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The L Brachioplasty: An Innovative Approach to Correct Excess Tissue of the Upper Arm, Axilla, and Lateral Chest

Hurwitz, Dennis J. M.D.; Holland, Sarah W. M.D.

Plastic and Reconstructive Surgery: February 2006 - Volume 117 - Issue 2 - p 403-411
doi: 10.1097/01.prs.0000200800.81548.37

Background: Brachioplasty is aesthetic reshaping of the upper arm after removal of excess medial skin and fat. Massive weight loss patients evolve a severe arm deformity that extends through the axilla and onto the chest. Prevalent operations are incomplete and leave conspicuous scars along the bicipital groove that end as Ts or Zs in the axilla. The L brachioplasty starts with a long ellipse centered over the lower half of the inner arm that sweeps up to the deltopectoral groove. A shorter ellipse is connected at right angles through the axilla onto the chest. The V flap formed between the ellipses is advanced across the axilla to raise the posterior axillary fold. An improved arm, axilla, and chest have an L-shaped zigzag crossing the axilla.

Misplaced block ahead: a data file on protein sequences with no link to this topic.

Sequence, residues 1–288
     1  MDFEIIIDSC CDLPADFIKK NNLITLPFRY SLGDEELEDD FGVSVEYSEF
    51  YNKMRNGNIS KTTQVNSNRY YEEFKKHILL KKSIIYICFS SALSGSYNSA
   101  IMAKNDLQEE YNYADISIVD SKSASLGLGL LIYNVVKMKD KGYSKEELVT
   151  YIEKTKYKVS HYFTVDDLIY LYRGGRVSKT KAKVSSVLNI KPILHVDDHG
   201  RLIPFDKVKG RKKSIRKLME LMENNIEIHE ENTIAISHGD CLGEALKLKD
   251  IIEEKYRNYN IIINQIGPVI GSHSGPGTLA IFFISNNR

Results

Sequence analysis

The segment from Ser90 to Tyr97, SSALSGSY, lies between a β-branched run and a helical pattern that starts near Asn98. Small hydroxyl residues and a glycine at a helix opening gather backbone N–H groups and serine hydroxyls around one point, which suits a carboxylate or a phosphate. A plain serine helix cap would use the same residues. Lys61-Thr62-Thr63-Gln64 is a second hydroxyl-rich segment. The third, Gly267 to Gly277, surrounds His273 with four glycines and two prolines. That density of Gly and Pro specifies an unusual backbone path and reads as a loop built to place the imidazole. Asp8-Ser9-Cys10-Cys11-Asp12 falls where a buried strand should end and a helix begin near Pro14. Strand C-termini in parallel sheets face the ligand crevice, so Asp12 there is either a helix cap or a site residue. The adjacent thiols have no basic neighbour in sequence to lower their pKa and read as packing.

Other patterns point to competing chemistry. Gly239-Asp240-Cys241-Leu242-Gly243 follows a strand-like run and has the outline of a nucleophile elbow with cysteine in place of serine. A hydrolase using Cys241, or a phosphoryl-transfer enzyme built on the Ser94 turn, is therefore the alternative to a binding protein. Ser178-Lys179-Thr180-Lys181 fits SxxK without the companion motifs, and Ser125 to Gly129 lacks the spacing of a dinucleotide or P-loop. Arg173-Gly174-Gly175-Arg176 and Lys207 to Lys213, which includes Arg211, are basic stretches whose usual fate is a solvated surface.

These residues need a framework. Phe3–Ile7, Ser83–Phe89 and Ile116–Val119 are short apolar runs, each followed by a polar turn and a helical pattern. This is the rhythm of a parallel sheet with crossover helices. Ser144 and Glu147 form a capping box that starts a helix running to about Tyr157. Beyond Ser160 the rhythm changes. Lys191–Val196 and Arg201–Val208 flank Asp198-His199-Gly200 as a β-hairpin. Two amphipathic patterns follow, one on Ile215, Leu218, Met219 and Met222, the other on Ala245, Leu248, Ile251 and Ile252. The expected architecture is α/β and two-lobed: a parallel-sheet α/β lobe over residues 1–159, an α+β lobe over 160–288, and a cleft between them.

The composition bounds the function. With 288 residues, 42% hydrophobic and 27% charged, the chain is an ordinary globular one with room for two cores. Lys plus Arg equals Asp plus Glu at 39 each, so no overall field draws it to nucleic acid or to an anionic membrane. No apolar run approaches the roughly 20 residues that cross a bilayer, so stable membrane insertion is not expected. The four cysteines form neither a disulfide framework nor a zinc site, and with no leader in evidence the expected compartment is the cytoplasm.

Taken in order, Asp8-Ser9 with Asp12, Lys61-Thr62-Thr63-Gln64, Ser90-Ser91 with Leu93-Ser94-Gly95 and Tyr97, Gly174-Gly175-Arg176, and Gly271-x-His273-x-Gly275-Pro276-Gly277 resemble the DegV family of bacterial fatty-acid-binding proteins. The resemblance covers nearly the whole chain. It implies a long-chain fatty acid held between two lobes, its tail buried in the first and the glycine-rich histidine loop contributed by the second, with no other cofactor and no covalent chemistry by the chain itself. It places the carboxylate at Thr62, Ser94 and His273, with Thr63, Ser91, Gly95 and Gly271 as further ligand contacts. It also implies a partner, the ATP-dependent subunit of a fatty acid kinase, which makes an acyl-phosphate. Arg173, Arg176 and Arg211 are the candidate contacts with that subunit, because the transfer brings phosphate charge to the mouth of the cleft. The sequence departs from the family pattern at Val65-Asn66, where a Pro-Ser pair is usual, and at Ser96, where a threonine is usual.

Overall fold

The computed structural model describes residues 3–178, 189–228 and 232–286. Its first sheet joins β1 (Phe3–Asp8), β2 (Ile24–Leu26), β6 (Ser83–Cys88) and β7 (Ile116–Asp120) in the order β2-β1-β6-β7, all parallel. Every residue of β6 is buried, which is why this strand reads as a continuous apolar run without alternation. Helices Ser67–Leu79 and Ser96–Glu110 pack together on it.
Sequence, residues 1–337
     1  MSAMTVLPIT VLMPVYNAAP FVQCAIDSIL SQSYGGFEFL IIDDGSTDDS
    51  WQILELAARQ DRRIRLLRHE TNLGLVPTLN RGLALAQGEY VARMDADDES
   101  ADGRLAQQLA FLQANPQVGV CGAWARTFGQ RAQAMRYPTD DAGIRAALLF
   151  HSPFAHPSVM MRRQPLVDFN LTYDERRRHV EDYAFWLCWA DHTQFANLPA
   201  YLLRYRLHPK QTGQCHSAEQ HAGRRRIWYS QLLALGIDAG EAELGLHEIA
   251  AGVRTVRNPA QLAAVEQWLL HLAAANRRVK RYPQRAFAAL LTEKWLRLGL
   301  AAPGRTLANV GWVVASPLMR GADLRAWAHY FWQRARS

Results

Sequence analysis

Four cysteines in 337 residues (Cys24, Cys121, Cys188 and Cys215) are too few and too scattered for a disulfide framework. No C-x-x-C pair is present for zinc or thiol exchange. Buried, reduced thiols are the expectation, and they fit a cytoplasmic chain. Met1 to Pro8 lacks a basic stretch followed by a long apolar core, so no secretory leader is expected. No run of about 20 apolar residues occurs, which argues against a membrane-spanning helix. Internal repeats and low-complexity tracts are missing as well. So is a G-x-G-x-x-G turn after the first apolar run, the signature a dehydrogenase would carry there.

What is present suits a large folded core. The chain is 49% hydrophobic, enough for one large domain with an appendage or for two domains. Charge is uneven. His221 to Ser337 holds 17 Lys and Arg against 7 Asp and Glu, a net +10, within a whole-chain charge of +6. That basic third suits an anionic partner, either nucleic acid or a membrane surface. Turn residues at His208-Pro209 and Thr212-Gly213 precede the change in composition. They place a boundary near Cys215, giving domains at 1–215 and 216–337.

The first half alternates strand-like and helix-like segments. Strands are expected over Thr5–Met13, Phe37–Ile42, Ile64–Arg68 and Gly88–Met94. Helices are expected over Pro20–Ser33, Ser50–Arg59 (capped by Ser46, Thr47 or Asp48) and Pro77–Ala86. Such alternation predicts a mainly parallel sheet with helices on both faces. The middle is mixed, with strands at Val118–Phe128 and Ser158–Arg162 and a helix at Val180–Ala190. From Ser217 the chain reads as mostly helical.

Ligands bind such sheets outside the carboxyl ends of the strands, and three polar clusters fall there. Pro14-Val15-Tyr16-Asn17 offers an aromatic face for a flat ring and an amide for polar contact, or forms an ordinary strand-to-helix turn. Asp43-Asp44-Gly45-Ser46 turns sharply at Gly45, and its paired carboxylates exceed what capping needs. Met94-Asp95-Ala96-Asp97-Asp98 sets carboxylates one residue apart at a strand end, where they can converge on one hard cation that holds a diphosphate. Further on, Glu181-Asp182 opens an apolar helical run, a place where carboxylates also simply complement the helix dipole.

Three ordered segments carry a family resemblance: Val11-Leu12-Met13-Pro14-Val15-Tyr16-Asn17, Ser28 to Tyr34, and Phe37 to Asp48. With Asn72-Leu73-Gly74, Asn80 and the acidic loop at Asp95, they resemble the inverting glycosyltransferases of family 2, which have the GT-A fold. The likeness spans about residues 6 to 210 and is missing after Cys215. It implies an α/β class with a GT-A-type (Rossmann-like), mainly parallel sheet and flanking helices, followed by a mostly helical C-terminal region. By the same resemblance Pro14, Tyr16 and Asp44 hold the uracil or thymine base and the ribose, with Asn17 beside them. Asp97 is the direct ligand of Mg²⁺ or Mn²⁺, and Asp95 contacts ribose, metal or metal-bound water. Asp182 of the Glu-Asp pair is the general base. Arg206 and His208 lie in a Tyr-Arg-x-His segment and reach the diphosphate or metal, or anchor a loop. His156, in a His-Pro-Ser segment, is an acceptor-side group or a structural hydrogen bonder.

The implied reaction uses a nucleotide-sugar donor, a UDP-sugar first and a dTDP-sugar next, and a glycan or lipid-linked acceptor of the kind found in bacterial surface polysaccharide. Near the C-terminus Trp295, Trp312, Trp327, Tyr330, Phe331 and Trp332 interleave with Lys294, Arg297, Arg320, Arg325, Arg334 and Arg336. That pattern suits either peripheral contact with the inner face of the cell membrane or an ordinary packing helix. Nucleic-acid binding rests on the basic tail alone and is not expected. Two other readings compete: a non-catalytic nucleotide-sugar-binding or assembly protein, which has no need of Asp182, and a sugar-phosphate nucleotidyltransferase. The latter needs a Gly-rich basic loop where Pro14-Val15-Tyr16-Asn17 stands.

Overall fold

Methods: L brachioplasty, along with upper body lifting, was applied to 24 female weight loss patients over the last 2 years. Ultrasound-assisted lipoplasty was also performed in five patients. All patients were interviewed. Follow-up ranged from 6 to 28 months.

Results: All 22 patients were improved and pleased. One patient requested and received a limited scar revision. Three patients had delayed healing at the tip of the triangular flap. Four seromas near the elbow responded to multiple aspirations. One hypertrophic scar was improved with intense pulsed light.

Conclusions: The L-shaped brachioplasty is an innovative, effective, reliable, aesthetic, and safe technique. Integrating the brachioplasty into the upper body lift improves the contours of the axilla, breast, and upper lateral chest, contributing to improved harmonious body contour.

Pittsburgh, Pa.; and New York, N.Y.

From the Department of Surgery (Plastic), University of Pittsburgh Medical Center, and the Department of Surgery, New York-Presbyterian Hospital.

Received for publication December 19, 2004; revised April 20, 2005.

Presented at the Annual Meeting of the Ohio Valley Society of Plastic Surgeons, in Cleveland, Ohio, June of 2004, and at Plastic Surgery 2004, in Philadelphia, Pennsylvania, October of 2004.

Dennis J. Hurwitz, M.D., 3109 Forbes Avenue, Suite 500, Pittsburgh, Pa.,

©2006American Society of Plastic Surgeons